Monday, November 16, 2009
It's been a long time. Just logging on I came across some comments that needed moderating which were quite rude and insulting. I don't really mind, people are rude to me and insult me all day every day, online and in the real world. Only comments on older posts are moderated and that is to prevent porn spam, but the chap who has taken a dislike to some of the stuff I said about some our neighbours at the Wychwood festival seemed to think that it was because I am some sort of Stalinist.
Well, he's half right. I would have been happy for his alternative view to appear, including the insults, but if he is going to accuse me of being a Stalinist, well, fuck off comrade, the world will have to remain ignorant of your views regarding my emotional well being.
I say chap, it might not have been a chap because, he didn't provide a name, he was an anonymous poster. So he can fuck off for that reason as well. The gist it of was that I had a little moan, in what I recall as an otherwise very positive and cheerful review, about the lack of consideration shown by some of our neighbours, I think I even outed myself as miserable git because of it. He knew the people I was on about and disagreed with my perception of them. There you go, my perception differed from that of some others. One other, at least. His view has now been shared. Minus the abuse.
Mind you, this is not the BBC, it's my chuffing blog, and while I don't
mind anyone disagreeing with me, if you are going to insult and abuse me anonymously, you can get fucked. I am not Ann Robinson and this is not Points of View.
Talking of festivals, I declined the opportunity to take up early bird tickets for next years End of the Road, which was a schoolboy error as the line up is already looking superb, and they have only announced 6 of 'em.
Have I mentioned that I was in a car crash in the summer and had 6 weeks off work? The week I returned I managed to crack a rib, but struggled manfully in then I caught a dose of the flu and was off for 4 days. When I returned I was bollocked for lacking commitment and threatened with disciplinary action. I pray to any God that happens to be out there, don't let my free spirited nippers become wage slaves, with their prospects subject to the whims and fancies of some psychopath in a shiny suit.
All this time off afforded me plenty of book reading time though. I read The Twelve by Stuart Neville, which is every bit as good as Bob Piper said it would be and I read the new Pelecanos, which is everything you would expect from Georgie Boy. I read the utterly, utterly brilliant Lush Life by Richard Price............I was really pissed off when I finished it, and what else, Christ, I can't remember, loads of books.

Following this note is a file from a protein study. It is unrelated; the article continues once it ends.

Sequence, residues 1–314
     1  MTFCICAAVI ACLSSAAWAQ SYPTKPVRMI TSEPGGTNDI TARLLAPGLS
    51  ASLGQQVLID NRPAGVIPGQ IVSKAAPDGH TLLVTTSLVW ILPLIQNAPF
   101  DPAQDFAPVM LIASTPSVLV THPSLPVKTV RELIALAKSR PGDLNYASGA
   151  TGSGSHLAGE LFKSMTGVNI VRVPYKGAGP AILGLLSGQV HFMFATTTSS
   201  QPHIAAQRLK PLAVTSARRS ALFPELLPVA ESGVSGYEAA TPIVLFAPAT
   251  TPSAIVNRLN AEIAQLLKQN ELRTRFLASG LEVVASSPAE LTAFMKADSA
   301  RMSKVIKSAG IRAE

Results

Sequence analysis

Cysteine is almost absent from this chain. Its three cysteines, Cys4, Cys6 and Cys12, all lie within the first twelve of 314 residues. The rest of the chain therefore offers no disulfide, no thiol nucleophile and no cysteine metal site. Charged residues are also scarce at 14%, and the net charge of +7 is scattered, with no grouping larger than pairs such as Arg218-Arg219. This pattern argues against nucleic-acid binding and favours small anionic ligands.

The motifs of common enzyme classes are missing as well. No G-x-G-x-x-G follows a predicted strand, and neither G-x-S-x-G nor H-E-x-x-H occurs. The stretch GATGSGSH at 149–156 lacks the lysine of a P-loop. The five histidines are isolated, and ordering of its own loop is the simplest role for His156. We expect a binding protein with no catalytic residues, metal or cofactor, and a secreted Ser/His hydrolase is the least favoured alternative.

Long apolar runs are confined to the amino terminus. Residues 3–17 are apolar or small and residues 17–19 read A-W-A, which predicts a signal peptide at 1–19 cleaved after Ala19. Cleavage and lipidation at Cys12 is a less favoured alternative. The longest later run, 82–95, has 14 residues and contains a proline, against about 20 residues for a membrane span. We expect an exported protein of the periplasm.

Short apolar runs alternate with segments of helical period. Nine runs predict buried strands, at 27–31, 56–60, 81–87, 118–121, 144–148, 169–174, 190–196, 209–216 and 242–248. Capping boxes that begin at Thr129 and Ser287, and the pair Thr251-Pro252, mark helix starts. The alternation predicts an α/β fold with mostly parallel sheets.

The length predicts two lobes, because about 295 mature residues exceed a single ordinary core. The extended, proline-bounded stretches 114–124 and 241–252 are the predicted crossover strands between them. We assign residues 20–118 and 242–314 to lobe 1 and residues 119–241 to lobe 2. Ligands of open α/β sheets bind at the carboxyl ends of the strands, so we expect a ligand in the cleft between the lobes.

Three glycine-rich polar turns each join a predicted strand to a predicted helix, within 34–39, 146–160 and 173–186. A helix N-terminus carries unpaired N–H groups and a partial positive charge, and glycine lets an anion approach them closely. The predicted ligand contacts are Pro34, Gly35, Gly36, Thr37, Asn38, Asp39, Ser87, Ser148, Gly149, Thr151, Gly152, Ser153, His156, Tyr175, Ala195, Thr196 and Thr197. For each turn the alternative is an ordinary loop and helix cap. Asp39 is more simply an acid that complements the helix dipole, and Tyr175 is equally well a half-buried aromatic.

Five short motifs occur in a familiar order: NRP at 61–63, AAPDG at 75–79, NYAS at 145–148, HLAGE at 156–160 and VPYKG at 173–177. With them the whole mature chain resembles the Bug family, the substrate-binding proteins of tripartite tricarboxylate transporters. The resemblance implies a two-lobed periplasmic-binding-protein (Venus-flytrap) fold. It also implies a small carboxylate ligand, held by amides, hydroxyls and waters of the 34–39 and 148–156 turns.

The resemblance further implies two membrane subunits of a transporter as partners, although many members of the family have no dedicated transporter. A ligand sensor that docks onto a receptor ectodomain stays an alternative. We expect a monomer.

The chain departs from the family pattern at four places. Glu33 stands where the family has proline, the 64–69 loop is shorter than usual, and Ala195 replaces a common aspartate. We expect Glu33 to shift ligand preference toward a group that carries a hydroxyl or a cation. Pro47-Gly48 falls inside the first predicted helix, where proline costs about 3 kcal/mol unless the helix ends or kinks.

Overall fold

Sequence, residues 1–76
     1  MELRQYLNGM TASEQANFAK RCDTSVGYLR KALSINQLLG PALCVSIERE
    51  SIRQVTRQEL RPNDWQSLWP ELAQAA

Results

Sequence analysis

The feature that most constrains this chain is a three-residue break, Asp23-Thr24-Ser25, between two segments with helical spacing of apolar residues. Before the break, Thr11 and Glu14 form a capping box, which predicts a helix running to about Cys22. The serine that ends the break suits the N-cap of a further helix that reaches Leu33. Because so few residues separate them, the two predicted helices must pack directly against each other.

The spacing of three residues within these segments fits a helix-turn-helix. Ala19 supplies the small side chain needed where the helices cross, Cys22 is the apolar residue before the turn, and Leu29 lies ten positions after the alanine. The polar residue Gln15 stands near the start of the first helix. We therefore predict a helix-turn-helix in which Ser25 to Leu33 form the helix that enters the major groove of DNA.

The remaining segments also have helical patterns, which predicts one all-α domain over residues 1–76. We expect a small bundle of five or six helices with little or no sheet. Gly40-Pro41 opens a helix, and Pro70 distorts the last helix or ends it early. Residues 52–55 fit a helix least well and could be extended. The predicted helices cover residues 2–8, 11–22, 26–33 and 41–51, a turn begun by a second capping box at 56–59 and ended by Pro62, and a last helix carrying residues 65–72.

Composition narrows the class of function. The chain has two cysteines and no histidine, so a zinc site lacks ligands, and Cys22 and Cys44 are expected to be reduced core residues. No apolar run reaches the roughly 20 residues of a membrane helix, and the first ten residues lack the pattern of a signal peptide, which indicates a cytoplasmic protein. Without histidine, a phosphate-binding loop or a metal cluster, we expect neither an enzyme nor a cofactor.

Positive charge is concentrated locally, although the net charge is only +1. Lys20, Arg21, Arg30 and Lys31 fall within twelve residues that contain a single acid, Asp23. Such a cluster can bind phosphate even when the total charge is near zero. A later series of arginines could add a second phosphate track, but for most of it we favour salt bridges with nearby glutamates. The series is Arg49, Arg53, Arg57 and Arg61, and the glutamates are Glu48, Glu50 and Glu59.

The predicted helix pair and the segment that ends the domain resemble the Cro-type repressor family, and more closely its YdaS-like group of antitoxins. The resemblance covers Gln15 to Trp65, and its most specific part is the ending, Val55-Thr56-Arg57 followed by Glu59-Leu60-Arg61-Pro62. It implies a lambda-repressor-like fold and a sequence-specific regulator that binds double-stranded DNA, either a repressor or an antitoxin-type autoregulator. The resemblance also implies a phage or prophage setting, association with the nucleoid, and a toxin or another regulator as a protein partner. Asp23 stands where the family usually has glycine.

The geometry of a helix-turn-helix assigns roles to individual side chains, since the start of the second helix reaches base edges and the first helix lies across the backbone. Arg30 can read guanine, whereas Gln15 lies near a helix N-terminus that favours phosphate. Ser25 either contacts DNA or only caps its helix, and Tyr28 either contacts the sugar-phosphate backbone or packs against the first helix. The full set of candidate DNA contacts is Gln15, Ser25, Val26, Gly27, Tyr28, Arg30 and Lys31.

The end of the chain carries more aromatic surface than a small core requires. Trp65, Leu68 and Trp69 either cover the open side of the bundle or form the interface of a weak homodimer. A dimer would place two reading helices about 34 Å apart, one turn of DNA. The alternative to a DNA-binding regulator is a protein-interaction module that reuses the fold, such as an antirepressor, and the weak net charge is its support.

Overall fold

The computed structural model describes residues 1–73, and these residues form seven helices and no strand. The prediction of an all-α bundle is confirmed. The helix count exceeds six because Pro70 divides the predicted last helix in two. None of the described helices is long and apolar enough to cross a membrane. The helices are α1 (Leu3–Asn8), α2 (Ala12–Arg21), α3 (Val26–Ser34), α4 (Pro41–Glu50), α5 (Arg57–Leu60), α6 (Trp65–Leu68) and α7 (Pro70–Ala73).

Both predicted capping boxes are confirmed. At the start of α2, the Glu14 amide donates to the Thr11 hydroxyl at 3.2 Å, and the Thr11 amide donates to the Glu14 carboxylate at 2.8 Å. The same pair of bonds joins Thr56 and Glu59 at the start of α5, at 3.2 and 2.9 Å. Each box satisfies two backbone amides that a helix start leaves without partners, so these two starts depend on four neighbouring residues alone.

I read "The World Made Straight" by Ron Rash. It's one of those trailer trash type novels which document the lives of poor white folk in a depressed America; people who live in communities much like the ones I work in, where the major employers have gone and left little but pollution and decay behind. It's a damn fine novel and sits along other, similar and similarly affecting works by the likes of Daniel Woodrell and William Gay. Bleak, but brilliant, and, frequently, beautiful.
So we have this white trash genre and we also have the Irish crime genre. Some of the best crime novels are coming out of Northern Ireland.........the aforementioned Neville, and Brian McGilloway being to the fore, then you have the likes of the incomparable Ken Bruen, as well as Gene Kerrigan Adrian McKinty and a number of others who I can't quite recall.
It's almost as if literature has it's movements or phases, just like the world of popular music, with it's Mersey scene and Madchester, and Two Tone and (don't laugh) Brumbeat. Maybe it's just tied in with economics and momentous social change. Whatever, it all makes the obsession the English media has with reviewing only novels that reflect middle class angst and insecurity look a bit pitiful.
I have just finished The Long Fall by Walter Mosley. I'm not a huge fan of the bloke generally, but I loved this book and fairly whizzed throught it. His earlier work has grated a bit because to my mind it has been, to some extent, overly concerned with documenting the experience of black Americans...........it has all appeared to be a bit worthy. I might have to take another look, because this last one has got it all.
Started a David Leveine this afternoon. Never heard of the bloke before but early signs are promising; so promising that I am having an early night so I can get stuck into it.